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Penny’s Not Allowed To Be An Avid Reader

August 26, 2009

And I’m sure every parent is looking at me in horror with that statement out in the open. Don’t get me wrong, I want Penny to read. I want her to share my love of books and enjoy reading just about anything.

For the record, I have only put down 3 books in my life: Interview with a Vampire – apparently written at a grade 12 level and I’m too stupid for that; Lord of the Rings – tried to start on the 2nd book after watching the 1st movie, should have known better; and Princess of Burundi – ridiculously slow crime novel from Scandinavia or somewhere like that. If I crack it open, I read it.

In grade 5 I had to answer a survey for my new teacher so she could find out more about me. One of the questions was how many books I read in a year, with the options of 0, 1-2, 3-4 or 5+. At that time, I scoffed at the survey. I was reading 5+ in a month! Fortunately for me, my dad works at a book and magazine distribution company and I had pretty much unlimited access to books. I still read alot, spending probably $400-$500 a year at Chapters (I’ve reformed – I have a library card now). Since Penny’s been born though, my book stack is growing and I’m not getting much reading done. I’ve actually only finished one book, and am about 3/4 through a second.

But back to the purpose of this post. I read alot. I read alot now, as an adult, and just as avidly as a teen and as a child. This was not a good thing! I read to the detriment of my social life. I remember my dad throwing me outside and telling me not to come back for X number of hours. I would ride my bike aimlessly around the neighbourhood, maybe go sit on a swing for a few minutes, and go home again. Now all of 32 minutes have passed since I was tossed out, yet I start begging to come inside again. All I wanted to do was read! I would read past my bedtime – aka after I was sent to bed and having a light on would get me caught.

I would read until there was no longer enough light coming in my window to see the words on the pages. Hence the reason I wear glasses now. Oh yeah, and I read for so long that I go cross-eyed and put strain on my eyes. The doctor has told me I need to look up every 15 minutes or so to refocus my eyes.

I remember doing a group book report project in grade 6, where we needed to read the book as a group in class, then do some sort of big report project after. We weren’t supposed to read any of the book at home. I took my book home the first night and read the whole thing. I got in alot of trouble for that. I ended up doing a project on my own, on the book “Where the Red Fern Grows” which, to be honest, was exactly what I wanted.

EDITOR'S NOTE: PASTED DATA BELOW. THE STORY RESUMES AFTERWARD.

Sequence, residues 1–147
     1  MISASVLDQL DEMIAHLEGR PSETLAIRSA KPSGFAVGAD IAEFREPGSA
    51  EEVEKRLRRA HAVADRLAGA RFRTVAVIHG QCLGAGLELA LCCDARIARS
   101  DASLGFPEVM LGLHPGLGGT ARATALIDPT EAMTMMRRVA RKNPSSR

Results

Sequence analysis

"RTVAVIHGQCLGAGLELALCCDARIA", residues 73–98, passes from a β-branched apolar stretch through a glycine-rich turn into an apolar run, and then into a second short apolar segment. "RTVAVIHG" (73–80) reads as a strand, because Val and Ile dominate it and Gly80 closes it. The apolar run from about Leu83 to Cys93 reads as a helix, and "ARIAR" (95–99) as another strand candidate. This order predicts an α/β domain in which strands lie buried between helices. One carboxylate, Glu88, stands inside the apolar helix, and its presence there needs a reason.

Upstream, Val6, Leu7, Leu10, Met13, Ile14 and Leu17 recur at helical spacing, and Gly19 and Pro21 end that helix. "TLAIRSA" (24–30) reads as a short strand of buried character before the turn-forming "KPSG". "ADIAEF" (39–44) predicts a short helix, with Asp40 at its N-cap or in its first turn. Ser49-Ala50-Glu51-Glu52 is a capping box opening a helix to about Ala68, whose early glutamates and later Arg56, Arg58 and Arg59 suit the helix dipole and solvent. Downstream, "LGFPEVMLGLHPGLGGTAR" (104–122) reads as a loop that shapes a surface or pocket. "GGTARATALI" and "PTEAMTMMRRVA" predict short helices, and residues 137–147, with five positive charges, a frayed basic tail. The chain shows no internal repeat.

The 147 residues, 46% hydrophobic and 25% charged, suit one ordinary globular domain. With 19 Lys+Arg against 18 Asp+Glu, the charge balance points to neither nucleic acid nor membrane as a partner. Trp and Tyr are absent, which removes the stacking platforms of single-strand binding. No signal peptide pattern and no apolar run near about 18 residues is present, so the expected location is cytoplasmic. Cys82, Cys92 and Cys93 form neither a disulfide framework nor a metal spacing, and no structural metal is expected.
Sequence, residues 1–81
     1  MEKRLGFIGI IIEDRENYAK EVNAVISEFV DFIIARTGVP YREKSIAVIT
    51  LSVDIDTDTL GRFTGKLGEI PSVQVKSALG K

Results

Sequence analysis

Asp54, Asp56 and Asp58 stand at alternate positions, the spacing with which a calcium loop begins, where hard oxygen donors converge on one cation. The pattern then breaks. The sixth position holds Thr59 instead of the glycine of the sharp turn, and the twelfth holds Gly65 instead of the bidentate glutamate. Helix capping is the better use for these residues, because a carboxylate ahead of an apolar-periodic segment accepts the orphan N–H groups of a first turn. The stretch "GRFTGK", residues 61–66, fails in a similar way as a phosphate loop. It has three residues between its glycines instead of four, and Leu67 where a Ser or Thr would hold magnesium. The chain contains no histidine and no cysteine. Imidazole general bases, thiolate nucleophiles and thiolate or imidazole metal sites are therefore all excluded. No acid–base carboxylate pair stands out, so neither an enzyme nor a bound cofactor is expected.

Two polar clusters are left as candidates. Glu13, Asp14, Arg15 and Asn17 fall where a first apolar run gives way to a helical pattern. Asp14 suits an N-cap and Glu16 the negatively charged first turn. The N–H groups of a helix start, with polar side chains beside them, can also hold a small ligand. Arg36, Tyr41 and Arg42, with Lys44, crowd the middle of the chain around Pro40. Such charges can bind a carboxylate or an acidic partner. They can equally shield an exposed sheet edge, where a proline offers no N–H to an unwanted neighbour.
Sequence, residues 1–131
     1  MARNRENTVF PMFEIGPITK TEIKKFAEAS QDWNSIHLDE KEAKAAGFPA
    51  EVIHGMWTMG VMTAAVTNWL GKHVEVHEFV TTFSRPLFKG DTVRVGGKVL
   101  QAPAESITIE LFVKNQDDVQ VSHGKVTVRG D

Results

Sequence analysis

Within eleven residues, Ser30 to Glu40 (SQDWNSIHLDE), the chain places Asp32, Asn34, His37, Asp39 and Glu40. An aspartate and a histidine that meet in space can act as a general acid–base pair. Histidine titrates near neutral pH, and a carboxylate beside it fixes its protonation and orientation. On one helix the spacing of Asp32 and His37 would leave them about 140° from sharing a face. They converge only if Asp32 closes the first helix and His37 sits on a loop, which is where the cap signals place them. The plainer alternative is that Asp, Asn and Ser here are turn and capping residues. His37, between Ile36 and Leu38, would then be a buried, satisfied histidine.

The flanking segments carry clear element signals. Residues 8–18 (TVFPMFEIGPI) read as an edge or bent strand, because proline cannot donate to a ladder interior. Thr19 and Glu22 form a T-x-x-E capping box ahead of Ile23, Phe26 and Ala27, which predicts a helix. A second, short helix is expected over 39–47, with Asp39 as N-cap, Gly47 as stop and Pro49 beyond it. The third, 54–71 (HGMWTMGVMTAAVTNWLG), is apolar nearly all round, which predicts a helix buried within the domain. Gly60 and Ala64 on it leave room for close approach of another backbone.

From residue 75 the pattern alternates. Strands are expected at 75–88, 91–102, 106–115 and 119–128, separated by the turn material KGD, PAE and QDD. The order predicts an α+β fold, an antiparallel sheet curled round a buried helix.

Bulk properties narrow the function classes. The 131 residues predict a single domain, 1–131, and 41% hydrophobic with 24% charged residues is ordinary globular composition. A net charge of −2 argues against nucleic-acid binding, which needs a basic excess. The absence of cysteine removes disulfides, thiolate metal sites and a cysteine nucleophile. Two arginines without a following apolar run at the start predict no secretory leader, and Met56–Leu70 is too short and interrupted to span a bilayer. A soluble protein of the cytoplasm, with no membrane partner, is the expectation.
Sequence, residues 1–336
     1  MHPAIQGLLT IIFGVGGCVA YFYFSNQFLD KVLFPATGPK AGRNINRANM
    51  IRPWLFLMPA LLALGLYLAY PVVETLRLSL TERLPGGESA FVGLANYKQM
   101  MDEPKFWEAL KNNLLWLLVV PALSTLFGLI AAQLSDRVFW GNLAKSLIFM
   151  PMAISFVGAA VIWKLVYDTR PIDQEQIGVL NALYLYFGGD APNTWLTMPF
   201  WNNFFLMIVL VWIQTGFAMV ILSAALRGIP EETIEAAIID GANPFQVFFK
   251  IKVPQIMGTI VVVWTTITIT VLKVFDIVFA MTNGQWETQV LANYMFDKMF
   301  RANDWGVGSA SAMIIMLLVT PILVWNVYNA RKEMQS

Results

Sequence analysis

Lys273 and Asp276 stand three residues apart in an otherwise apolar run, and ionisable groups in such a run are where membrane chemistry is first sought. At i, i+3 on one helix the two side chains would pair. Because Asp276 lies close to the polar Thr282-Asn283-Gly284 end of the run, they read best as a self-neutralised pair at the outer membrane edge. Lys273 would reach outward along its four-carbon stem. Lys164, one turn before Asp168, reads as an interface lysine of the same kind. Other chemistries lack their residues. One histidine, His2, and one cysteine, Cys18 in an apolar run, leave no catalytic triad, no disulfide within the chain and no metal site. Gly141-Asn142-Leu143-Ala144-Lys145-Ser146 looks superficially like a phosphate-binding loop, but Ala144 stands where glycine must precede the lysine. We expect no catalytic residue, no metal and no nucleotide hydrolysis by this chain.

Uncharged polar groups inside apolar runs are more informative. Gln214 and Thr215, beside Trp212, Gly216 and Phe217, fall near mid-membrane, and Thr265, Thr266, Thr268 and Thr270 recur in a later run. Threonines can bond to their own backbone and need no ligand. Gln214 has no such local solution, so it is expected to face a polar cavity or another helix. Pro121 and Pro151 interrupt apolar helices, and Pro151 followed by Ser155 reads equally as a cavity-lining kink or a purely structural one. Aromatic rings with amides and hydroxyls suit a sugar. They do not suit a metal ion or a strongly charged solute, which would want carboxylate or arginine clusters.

Are you seeing the trend here? Nicole sits in the corner with her book, and avoids all contact with other human beings, cringing away if one passes too closely. I have trouble making friends now. I am completely comfortable with kids and usually teens. I’m great with older people. But I can’t carry on a conversation with people my age. I can’t walk up to them and say hi and introduce myself. Well, I can’t do any of this in person. Put a computer screen in between, and presto-chango I’m a whole new person!

I can look back now and see that the number of books I read isn’t a good thing. I chose to spend my time with my nose in a book, exploring worlds that aren’t my own. I could get lost for days in worlds of fantasy, particularly on Pern with dragons filling the skies. I could back then, and I still can now, albeit with books that are 3 times as thick and cost much more. Reading that much is not healthy, and needs to be balanced with other equally important parts of life. I didn’t learn this before, and I pay for it now with a few friends instead of many (and not all of them quality friends yet), shyness around my contemporaries, and ultimately that all contributes to low self esteem and depression.

In the last few years I have realized how much my reading affected who I am, and because of that, I don’t want Penny to be an avid reader. I want her to love reading, to be able to lose herself in another world. But I want her to be able to pull herself back and enjoy the world she’s in too.

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3 comments

  1. I understand. I have always been a total bookworm. I spent my entire 5th grade year with the librarian as my only friend. Sad, I know. I just love to read. I hope my kids share my passion for reading, but read better books than I chose as a teen.


  2. I think this is a great post. I think she’ll be just fine, and you’re not turning out too bad yourself. This year alone you’ve joined new groups, met new people and have really put yourself out there. You’ve come leaps and bounds from the book worm of past.


  3. I, too, love to read! I read a book a day while being shipping across town on a school bus. I love to wrap myself up into someone’s world and for an hour or so, live vicariously through someone else. I think that reading so much as a child and not really having the time to read now, makes my love for sleep so EXTREME. I’d much rather snooze off into a dream land for hours than watch the mundane-ness of television. Escaping from reality is addicting!



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